According to the Final Judgment and Order of Dismissal dated November 09, 1998, the Court adopts all defined terms as set forth in the Stipulation of Settlement.
The original complaint filed in February 1997, was filed in the United States District Court for the District of Columbia, and named as defendant Telecommunication Technologies Corporation (Mtel), SkyTel Corporation, and other individual defendants.
In December 1997, the United States District Court for the District of Columbia granted a motion dismissing SkyTel Corp. as a defendant in the litigation, and in January 1998 transferred the case to the United States District Court for the Southern District of Mississipppi. On August 1, 1998, the plaintiffs, the Company and the individual defendants executed a stipulation of settlement. The Stipulation of Settlement between the parties was filed on September 9, 1998. and the settlement received final approval from the United States District Court for the Southern District of Mississippi on November 6, 1998. No appeals were filed and the case has been resolved. Subsequent to the filing of the complaint, the Company, as have other companies involved in private securities litigation, received from the staff of the Securities and Exchange Commission ("SEC") an informal inquiry letter seeking documents pertaining to consultants and products used in the development and operation of the Advanced Messaging Network. The Company cooperated with the SEC staff and has had no contact with the staff since November 1997. See Note 6 of Notes to Consolidated Financial Statements.
The original complaint had two counts, one alleging violations of Section 10(b) of the Exchange Act against all defendants, and one alleging violations of Section 20(a) of the Exchange Act against the Company and defendants Palmer and Puckett. More specifically, the complaint alleges that defendants violated the Securities Exchange Act of 1934 by disseminating false and misleading statements about the demand for Mobile Telecommunications Technologies Corporation's SkyTel 2-way and 1-way paging services as well as the Company's overall financial health. During the Class Period, certain of the defendants sold off between 83% and 100% of their company defendant stock at prices as high as $30-7/8 per share.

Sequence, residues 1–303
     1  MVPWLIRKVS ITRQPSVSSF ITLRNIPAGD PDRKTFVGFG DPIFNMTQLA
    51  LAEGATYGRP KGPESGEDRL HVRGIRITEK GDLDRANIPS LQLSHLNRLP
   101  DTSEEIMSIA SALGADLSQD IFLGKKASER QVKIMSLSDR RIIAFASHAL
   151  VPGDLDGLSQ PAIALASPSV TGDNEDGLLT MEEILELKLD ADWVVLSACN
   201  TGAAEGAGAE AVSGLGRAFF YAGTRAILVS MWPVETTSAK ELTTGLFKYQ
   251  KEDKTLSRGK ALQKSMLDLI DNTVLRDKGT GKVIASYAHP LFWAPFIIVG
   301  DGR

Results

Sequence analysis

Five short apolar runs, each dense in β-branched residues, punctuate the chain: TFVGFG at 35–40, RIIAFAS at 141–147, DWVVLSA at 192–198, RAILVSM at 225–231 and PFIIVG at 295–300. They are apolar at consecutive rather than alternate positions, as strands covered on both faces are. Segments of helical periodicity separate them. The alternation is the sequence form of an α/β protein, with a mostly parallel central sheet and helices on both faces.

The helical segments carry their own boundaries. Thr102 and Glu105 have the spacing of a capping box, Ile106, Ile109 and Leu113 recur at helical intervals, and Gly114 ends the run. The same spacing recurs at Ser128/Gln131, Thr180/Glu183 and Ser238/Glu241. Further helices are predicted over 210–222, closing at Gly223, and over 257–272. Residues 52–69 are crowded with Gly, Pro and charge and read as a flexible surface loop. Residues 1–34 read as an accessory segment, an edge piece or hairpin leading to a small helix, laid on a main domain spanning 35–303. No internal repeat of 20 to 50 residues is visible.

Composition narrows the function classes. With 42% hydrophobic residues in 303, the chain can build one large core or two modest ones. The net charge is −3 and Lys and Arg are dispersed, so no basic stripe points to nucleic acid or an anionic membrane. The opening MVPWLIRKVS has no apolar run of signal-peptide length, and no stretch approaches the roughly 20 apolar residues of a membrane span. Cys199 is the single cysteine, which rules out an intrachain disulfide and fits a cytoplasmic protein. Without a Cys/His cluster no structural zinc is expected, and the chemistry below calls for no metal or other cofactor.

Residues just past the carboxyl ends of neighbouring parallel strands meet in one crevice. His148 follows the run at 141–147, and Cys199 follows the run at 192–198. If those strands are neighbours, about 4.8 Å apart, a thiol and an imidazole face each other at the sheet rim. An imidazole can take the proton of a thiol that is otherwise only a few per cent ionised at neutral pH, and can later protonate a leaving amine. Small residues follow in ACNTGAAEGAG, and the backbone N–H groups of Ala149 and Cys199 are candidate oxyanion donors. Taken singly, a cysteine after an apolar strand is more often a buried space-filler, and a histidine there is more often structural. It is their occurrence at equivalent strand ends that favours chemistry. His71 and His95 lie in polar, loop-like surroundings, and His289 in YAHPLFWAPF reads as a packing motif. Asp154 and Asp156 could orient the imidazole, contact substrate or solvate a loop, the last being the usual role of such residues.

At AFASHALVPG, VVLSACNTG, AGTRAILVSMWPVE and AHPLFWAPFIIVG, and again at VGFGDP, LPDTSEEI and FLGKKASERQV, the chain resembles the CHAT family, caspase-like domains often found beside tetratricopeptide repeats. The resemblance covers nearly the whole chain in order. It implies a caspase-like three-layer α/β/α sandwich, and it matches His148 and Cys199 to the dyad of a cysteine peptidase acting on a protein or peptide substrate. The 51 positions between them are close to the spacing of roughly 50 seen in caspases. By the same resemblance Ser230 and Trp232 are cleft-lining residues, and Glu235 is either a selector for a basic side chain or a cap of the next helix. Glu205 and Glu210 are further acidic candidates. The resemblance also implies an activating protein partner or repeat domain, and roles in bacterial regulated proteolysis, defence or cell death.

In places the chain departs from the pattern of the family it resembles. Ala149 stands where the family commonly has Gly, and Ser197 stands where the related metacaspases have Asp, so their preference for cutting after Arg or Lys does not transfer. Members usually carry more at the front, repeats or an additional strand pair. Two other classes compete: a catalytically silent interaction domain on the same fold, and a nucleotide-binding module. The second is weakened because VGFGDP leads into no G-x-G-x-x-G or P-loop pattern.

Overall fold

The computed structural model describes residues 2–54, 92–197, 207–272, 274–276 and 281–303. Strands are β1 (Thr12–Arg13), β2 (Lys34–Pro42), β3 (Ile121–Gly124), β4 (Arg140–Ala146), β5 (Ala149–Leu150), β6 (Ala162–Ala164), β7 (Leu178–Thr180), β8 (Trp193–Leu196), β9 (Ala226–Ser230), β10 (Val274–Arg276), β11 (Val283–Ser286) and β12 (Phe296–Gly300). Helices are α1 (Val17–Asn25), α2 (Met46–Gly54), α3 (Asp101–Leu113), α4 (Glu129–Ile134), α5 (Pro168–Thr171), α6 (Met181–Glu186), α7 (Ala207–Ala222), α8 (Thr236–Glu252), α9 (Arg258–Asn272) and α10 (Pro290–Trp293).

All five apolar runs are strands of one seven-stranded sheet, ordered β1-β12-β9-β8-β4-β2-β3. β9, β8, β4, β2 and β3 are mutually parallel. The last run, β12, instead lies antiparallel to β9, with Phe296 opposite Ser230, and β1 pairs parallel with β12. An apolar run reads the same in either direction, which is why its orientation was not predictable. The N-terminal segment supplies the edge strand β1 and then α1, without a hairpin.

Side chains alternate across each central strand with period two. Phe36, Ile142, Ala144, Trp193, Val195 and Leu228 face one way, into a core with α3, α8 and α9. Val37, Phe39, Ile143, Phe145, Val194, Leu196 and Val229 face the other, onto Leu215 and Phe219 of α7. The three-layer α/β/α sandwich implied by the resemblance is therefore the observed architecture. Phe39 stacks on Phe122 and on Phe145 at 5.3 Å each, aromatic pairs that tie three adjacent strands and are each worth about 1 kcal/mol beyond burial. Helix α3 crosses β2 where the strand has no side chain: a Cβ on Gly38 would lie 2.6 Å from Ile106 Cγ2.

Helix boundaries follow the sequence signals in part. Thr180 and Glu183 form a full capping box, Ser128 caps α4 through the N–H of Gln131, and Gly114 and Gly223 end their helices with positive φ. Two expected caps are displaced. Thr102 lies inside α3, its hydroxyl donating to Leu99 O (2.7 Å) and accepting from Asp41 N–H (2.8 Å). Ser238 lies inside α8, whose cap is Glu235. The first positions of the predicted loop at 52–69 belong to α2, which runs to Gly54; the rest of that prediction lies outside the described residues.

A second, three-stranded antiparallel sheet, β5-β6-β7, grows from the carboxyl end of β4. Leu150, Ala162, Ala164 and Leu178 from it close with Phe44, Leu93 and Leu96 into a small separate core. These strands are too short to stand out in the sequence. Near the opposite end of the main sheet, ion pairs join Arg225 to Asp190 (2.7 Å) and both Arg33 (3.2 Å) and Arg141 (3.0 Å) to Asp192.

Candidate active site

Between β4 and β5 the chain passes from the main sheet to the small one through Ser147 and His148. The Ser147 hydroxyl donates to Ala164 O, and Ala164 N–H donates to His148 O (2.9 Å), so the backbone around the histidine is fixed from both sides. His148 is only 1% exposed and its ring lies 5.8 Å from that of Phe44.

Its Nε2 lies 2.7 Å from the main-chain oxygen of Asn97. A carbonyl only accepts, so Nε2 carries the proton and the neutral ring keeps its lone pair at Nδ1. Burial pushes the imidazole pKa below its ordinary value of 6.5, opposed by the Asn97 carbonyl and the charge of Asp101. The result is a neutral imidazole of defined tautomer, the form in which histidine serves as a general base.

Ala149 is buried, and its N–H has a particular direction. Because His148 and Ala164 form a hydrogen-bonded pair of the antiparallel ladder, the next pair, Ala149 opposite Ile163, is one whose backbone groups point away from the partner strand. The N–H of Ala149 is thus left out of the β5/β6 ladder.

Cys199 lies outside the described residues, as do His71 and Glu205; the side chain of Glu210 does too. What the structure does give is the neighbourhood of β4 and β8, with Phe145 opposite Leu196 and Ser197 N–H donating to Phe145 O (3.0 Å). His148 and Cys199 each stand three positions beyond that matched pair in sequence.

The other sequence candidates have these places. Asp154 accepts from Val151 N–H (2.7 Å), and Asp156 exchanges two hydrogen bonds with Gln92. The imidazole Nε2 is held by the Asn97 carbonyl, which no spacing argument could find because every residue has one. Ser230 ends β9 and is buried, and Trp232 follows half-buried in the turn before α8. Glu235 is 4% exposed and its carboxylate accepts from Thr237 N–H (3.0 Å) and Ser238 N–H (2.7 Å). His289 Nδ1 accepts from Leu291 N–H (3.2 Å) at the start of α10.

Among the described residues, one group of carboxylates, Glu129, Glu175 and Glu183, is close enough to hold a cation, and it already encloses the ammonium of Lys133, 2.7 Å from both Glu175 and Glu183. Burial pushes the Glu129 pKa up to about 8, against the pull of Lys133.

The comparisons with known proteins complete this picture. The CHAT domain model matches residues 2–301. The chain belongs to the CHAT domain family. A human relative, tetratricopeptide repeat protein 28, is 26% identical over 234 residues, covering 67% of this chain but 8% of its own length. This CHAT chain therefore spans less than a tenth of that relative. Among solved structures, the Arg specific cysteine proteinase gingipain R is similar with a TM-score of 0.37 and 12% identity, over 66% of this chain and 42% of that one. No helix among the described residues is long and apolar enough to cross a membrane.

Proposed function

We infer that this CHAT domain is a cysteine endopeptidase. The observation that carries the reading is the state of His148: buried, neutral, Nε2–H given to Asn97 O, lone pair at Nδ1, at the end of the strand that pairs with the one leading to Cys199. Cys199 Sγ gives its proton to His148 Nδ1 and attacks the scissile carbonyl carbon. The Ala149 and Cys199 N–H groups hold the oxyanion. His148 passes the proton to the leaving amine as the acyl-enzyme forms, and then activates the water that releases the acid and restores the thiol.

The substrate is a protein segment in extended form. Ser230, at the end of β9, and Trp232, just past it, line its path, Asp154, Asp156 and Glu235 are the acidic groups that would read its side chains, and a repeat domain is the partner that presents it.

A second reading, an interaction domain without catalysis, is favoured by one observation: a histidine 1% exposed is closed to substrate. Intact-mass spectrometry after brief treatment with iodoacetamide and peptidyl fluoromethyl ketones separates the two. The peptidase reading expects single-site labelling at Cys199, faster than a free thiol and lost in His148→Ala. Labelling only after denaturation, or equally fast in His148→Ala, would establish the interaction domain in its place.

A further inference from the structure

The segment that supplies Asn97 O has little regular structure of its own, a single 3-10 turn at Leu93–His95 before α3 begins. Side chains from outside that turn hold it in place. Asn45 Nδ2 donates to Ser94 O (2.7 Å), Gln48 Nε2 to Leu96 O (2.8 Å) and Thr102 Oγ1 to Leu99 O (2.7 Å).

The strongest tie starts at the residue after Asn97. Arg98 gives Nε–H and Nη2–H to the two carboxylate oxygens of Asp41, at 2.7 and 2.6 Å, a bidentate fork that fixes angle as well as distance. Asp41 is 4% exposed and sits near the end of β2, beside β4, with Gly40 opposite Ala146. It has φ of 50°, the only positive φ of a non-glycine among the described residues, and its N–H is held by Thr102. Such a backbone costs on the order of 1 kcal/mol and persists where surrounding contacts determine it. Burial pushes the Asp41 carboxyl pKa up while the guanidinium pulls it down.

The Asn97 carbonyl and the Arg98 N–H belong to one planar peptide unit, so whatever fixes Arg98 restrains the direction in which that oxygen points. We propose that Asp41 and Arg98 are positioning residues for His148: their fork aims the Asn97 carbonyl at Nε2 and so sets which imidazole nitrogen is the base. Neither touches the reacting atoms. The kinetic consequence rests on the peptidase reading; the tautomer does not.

Further, the complaint alleges that defendants represented that the Mtel's SkyTel 2-way paging service had been tested prior to rollout, was meeting with stronger than expected demand and would drive Mtel's growth throughout 1996 and beyond. The Complaint alleges that despite defendants' positive representations about SkyTel 2-way paging, Mtel was actually suffering serious technical and operational problems in testing and introducing SkyTel 2-way service, including: (1) holes in network coverage; (2) software malfunctions; (3) shorter than anticipated pager battery life; and (4) other technological problems that were resulting in lost messages, duplicate message transmission and a lack of acknowledgement which was increasing system load and causing system outages. The Complaint also charges that Defendants allegedly misrepresented the strength of Mtel's core 1-way paging business, maintaining that Mtel's 1-way paging business was enjoying strong subscriber growth and experiencing a smooth transition to high-speed FLEX Pagers, despite their knowledge that Mtel's growth in 1-way paging had slowed dramatically, in part because of the Company's inability to obtain sufficient quantities of high-speed FLEX Pagers. The complaint alleges that on January 22, 1996, when Mtel finally admitted that it was unable to provide true nationwide 2-way paging service, that Mtel had suffered a huge loss of $52 million for 1995 and that the Company had violated financial covenants with its lenders, the price of Mtel stock utterly collapsed falling to $14-1/8 per share -- a 60% decline from its Class Period high of over $35-5/8 per share. Thereafter, throughout 1996, as the Defendants disclosed the truth about Mtel's disastrous financial position and ongoing operating losses that Mtel continued to suffer as a result of the failure of its 2-way paging system, the price of Mtel stock declined to as low as $5 per share.